FBI investigating 11 attacks on San Francisco-area Internet lines

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The FBI is investigating at least 11 physical attacks on high-capacity Internet cables in California’s San Francisco Bay Area dating back a year, including one early Tuesday morning.

Agents confirm the latest attack disrupted Internet service for businesses and residential customers in and around Sacramento, the state’s capital.

FBI agents declined to specify how significantly the attack affected customers, citing the ongoing investigation. In Tuesday’s attack, someone broke into an underground vault and cut three fiber-optic cables belonging to Colorado-based service providers Level 3 and Zayo.

The attacks date back to at least July 6, 2014, said FBI Special Agent Greg Wuthrich.

“When it affects multiple companies and cities, it does become disturbing,” Wuthrich said. “We definitely need the public’s assistance.”

The pattern of attacks raises serious questions about the glaring vulnerability of critical Internet infrastructure, said JJ Thompson, CEO of Rook Security, a security consulting and services provider in Indianapolis.

Fiber-optic cables are essentially bundles of slender glass fibers that use light waves to transmit data. They are the interstate highways of the information superhighway, carrying vast amounts of data between decentralized hubs. From there, Internet services are delivered to homes and businesses by lower-capacity cables, including DSL.

In Arizona earlier this year, tens of thousands of residents were cut off from Internet service after someone sliced through underground fiber-optic cables.

In April 2009, underground fiber-optic cables in California were cut at four sites, knocking out landlines, cell phones and Internet service for tens of thousands in Santa Clara, Santa Cruz and San Benito counties.

“When it’s situations that are scattered all in one geography, that raises the possibility that they are testing out capabilities, response times and impact,” Thompson said. “That is a security person’s nightmare.”

Wuthrich said cutting the lines requires tools. Although fiber-optic lines themselves aren’t much bigger than diameter of a pencil, they’re usually protected by tough, flexible conduit. Citing the ongoing investigation, he declined to further discuss specifics of the attacks, which he said have generally occurred in remote areas not monitored by security cameras.

Mark Peterson, a spokesman for Internet provider Wave Broadband, said an unspecified number of Sacramento-area customers were knocked offline by the latest attack. He characterized the Tuesday attack as “coordinated” and said the company was working with Level 3 and Zayo to restore service.

Spokeswomen for Level 3 and Zayo confirmed the disruption but declined to discuss specifics.

“Law enforcement is involved and restoration crews are working to restore connectivity as quickly as possible,” Zayo spokeswoman Shannon Paulk said via email.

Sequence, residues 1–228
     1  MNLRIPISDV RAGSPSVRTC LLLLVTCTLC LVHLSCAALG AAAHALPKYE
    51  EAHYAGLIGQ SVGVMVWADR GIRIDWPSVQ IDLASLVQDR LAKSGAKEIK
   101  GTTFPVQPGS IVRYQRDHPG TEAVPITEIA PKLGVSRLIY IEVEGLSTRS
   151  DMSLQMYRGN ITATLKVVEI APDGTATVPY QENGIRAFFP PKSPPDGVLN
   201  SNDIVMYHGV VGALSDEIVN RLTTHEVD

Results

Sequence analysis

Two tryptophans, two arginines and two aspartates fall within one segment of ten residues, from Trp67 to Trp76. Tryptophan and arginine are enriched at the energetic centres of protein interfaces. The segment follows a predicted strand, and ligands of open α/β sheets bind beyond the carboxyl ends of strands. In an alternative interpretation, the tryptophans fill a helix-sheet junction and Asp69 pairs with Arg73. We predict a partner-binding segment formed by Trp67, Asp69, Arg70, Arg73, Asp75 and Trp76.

Level 3 and Zayo are primarily business-to-business Internet providers, connecting local services like Wave to the broader Internet with their high-speed fiber-optic lines.

Safeguarding these lines “is a massive challenge for municipalities, governments and Corporate America to deal with,” Thompson said.

Fiber-optic cable lines are everywhere and are very visible, said Richard Doherty, research director of The Envisioneering Group, a technology assessment and market research firm.

“There are flags and signs indicating to somebody who wants to do damage: This is where it is folks,” Doherty said. “You often have fiber from several companies sometimes going down the same street or the same trench. One attacker can dig one hole and wipe out service from three companies.”

Backup systems help cushion consumers from the worst of the attacks, meaning people may notice slower email or videos not playing, but may not have service completely disrupted, he said.

But repairs are costly and penalties are not stiff enough to deter would-be vandals, Doherty said.

“It’s a terrible social crime that affects thousands and millions of people,” he said.


Screen Shot 2015-06-21 at 5.02.29 PMBY JOEL B. POLLAK

On Thursday, President Barack Obama pledged: “I am committed to taking bold actions at home and abroad to cut carbon pollution.” On Friday, the President told a gathering of the nation’s mayors in San Francisco that they had to prepare for climate change. On Saturday, he flew on Air Force One to Palm Springs, where on Sunday he is playing golf at Sunnylands.

The president’s golf trip comes as Californians struggle with an extreme drought that has prompted Gov. Jerry Brown to issue the state’s first-ever mandatory water cuts. The Coachella Valley’s “water guzzling” golf courses have faced particular criticism, though they rely on their own large aquifer, and many have implemented water-saving reforms in recent years.

The White House wants Americans to know the president cares about the drought: “White House spokesman Eric Schultz responds that many courses have taken water mitigation steps aimed at conservation,” the Associated Press reports. “Schultz says Obama discussed the drought with California Gov. Jerry Brown in a meeting in San Francisco Friday.”

Still, at the end of his Father’s Day retreat, the president will climb aboard his taxpayer-funded aircraft and burn another trail of “carbon pollution.” If Obama truly believes that “we have a profound responsibility to protect our children, and our children’s children, from the damaging impacts of climate change,” he has a rather roundabout way of showing it.

Hispanic lawmakers call on Trump to apologize

Screen Shot 2015-06-20 at 8.32.48 AMBY CRISTINA MARCOS